A recent Visio newsgroup post asked about customizing the output files from Visio’s Save As Web feature. This rang a bell in the ol’ noggin, and I went searching for an old demo that exported a customized html page, with pop-up menus that displayed Custom Property (Shape Data) information.
This demo doesn’t use Visio’s built-in Save As Web feature, but instead uses automation code in the form of VBA stored in the document. But before we talk about code, let’s explain how to use it. The imagined user-scenario goes like this:
The user wants to highlight various items in her Visio document, such that viewers of the exported web-page can mouse-over special regions and see a pop-up dialog that displays info about that region.
The way the document is built is as follows:
- The user places custom “Hot Spot” shapes on top of the regions of interest in the diagram
- She fills in some information about the region
- She right-clicks the Page and chooses “Export” from the menu
- A web-page is produced by the code, that displays pop-ups when the mouse is over the specified regions
Below, we can see the Hot Spot shape in action. We’ve imported an image of a snazzy, not-so-new BMW, and placed a Hot Spot shape over the passenger-side mirror. The Shape Data (Custom Properties) window shows us three fields that we can fill out: Number, Title and Notes.
click to view larger image
Once all of the hot spot regions are defined and configured, we simply right-click a blank area on the page and choose “Export” from the menu:
The resulting web-page displays pop-ups when the user rolls the mouse over the previously specified regions. The Hot Spot shapes do not show in the html page, but the numbers do. In the screenshot below, the user has rolled over the license-plate hot spot:
Running the Demo
As we said before, the document uses VBA code to get the job done. It doesn’t use Visio’s Save As Web functionality at all, but makes use of Visio’s image exporting capabilities. It also does a bit of math to figure out where the mouse hit-zones are, replaces a few parameters in the otherwise-hard coded html, then spews out an html document. Go ahead and laugh at the html code while you’re perusing the VBA, I’m sure it’s quite poor.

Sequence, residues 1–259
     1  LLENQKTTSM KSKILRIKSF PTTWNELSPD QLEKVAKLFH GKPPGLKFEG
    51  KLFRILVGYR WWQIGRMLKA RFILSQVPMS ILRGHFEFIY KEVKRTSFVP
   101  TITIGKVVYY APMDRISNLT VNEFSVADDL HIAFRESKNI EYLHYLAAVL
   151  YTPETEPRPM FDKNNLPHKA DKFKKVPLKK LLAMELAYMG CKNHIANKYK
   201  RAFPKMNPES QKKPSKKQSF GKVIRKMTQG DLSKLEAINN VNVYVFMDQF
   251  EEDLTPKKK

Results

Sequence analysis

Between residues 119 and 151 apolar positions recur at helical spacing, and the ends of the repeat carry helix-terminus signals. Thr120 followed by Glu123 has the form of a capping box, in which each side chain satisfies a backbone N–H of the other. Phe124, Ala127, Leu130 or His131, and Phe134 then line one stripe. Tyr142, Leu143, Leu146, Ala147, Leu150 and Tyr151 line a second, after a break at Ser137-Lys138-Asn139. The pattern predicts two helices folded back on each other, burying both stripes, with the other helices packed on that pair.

Since the document uses VBA to get the job done, you’ll need to know how to deal with Visio’s macro security. While the document VBA Macro Security will tell you all you need to know, the correct thing to do is this:
- Disallow the macros when you first open the Visio document
- Open the VBA project, examine the code, check that nothing malicious or offensive is present (besides the ugly html code)
- Close the document
- Re-open, and allow and the macros to be enabled
Click this little bugger and “Allow Blocked Content…” if you want to see the pop-ups in action. Note, if FireFox is your default browser, you might not see the pop-ups. They didn’t work for me in FireFox, but were just fine in IE.
Limitations of the Demo
The download has a few limitations…well it IS a demo after all…
- The Visio diagram is exported as an single image
- You can’t specify the resolution of this image via code
- Hyperlinks in the diagram will not exist in the web-page, as with the normal Visio Save As Web feature
- When you scroll the browser window, the pop-ups can get off-position with the mouse
Nevertheless, this thing might make a useful little tool for some of you out there. For the developers, well, um, I’m sure there are much better ways to code the html and pop-up features than are shown in this demo. But we think the concept is intriguing, and we hope that this will get your creative-visio-juices flowing as to what could be done with the Visio on the web!